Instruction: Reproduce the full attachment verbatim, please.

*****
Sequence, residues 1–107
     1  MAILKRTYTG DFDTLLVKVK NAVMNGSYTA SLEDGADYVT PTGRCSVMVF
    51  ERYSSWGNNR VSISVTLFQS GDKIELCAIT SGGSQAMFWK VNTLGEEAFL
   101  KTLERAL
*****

Sequence, residues 1–107
     1  MAILKRTYTG DFDTLLVKVK NAVMNGSYTA SLEDGADYVT PTGRCSVMVF
    51  ERYSSWGNNR VSISVTLFQS GDKIELCAIT SGGSQAMFWK VNTLGEEAFL
   101  KTLERAL